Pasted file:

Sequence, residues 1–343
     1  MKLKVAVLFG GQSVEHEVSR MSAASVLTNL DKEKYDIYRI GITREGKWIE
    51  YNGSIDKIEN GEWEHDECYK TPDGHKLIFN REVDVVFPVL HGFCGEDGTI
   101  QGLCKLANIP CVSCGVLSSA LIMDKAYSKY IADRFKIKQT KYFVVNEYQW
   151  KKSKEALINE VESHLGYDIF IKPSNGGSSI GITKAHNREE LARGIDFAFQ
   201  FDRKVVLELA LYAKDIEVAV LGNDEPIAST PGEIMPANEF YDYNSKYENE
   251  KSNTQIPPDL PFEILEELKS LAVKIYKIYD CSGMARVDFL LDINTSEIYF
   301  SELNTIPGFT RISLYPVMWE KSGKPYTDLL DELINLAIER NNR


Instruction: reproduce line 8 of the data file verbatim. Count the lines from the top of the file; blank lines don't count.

   301  SELNTIPGFT RISLYPVMWE KSGKPYTDLL DELINLAIER NNR